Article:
Robert Whitfield, Rikers Guard on His Way to Prison, Shopped Around For Inmate Willing to Bribe Him
On Tuesday, Robert Whitfield, a former Rikers prison guard, was handed a lengthy sentence for accepting a bribe from a drug dealer. Whitfield, 51, was arrested in 2011, after an investigation by the New York City Department of Investigation and the DEA's New York Organized Crime Drug Enforcement Strike Force found that he had brokered a deal to take six and a half pounds of cocaine in exchange for promising to help shorten the drug dealer's sentence. But it turns out that Whitfield had been looking around for a while for someone who was willing to bribe him. He was indiscreet about it. One of the inmates he approached promptly went to the authorities, and as a result, has received a shortened prison sentence. That inmate was in prison for possessing large amounts of drugs. Life is funny, isn't it?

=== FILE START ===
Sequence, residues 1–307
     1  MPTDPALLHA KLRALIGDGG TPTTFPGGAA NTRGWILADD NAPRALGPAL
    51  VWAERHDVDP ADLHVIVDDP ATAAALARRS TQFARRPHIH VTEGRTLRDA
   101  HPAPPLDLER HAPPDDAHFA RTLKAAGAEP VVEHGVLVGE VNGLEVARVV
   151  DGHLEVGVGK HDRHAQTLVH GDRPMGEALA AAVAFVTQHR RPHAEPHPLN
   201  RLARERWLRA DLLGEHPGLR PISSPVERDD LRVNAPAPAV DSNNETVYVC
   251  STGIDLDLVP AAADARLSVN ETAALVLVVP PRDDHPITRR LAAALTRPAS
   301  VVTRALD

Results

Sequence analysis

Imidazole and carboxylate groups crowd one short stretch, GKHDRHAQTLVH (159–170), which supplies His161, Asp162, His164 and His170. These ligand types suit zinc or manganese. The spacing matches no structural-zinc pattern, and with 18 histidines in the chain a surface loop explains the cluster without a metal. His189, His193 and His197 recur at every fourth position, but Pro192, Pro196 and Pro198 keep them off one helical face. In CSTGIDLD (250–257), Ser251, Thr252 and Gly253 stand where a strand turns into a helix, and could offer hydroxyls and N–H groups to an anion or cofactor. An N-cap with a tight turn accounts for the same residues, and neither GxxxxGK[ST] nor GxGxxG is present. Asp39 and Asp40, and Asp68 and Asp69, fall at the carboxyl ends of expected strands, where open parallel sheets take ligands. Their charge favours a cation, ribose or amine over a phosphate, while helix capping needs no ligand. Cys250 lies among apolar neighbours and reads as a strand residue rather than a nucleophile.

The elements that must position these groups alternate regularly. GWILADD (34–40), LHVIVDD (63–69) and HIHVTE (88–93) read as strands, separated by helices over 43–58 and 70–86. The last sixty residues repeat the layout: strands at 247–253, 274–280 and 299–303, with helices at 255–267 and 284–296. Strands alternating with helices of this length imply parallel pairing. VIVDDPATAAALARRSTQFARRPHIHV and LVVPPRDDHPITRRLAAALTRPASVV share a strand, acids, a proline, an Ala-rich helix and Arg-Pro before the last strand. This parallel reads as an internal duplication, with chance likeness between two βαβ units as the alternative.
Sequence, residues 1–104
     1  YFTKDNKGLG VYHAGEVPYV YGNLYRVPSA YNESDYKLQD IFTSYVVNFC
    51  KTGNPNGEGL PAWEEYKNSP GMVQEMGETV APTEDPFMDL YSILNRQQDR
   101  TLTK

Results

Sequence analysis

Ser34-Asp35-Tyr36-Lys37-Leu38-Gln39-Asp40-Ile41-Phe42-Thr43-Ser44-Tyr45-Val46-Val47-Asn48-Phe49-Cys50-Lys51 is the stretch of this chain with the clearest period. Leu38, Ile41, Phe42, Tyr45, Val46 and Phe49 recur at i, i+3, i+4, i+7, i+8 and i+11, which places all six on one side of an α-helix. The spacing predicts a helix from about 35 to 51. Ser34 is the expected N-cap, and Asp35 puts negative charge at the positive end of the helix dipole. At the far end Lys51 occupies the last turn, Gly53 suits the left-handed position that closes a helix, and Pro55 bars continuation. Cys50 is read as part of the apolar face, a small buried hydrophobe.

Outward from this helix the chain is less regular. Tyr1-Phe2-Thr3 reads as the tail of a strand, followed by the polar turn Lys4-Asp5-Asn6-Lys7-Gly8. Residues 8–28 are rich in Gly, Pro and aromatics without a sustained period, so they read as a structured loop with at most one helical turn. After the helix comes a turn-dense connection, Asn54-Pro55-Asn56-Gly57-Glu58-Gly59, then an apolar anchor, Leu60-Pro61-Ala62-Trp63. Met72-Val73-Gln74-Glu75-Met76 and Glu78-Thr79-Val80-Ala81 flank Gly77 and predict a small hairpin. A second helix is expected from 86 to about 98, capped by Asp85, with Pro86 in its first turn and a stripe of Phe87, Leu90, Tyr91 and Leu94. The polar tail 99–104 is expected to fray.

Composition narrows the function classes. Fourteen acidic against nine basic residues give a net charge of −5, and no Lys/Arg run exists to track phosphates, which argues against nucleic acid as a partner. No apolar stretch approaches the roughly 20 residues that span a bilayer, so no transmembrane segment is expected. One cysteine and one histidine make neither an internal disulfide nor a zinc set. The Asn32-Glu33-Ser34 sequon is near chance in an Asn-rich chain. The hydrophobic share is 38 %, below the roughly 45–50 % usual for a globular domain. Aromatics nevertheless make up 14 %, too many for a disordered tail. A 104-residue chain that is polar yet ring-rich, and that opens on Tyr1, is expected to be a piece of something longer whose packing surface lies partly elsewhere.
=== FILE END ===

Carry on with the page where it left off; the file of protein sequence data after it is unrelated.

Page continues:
After a little shopping, Whitfield found an inmate, a heroin dealer named Julio Bello according to the New York Post , who was willing to go in on his coke-for-freedom plan. He told Bello that once the cocaine was in hand, he'd break into the Department of Corrections' computer system and shorten his sentence. Instead, Whitfield was arrested in Inwood on April 5, 2011, as he waited near a drop-off point where he thought his accomplice was picking up the drugs. He was convicted May 30 on charges of drug possession, conspiracy, bribery and official misconduct.
During the trial, though, several inmates testified that Whitfield approached them about trading cocaine for freedom before he found someone who'd agree to his obviously brilliant bribe plot.
"He was shopping around, absolutely," says Kati Cornell, the spokesperson for the city's Special Narcotics Prosecutor, Bridget G. Brennan.
But bargain-hunting for sympathetic dealers proved disastrous. The inmate who turned Whitfield in "was serving a sentence for an A-1 level felony," Cornell says, "which carries a minimum of eight years." After Whitfield approached him, the inmate contacted an NYPD detective with that DEA strike force.
"As a result of his cooperation in the case, he received a reduced sentence of four and a half years," Cornell adds. "He's been released."
Eight years, incidentally, is how long Whitfield will be serving. The full press release from the SNP about his sentencing is below.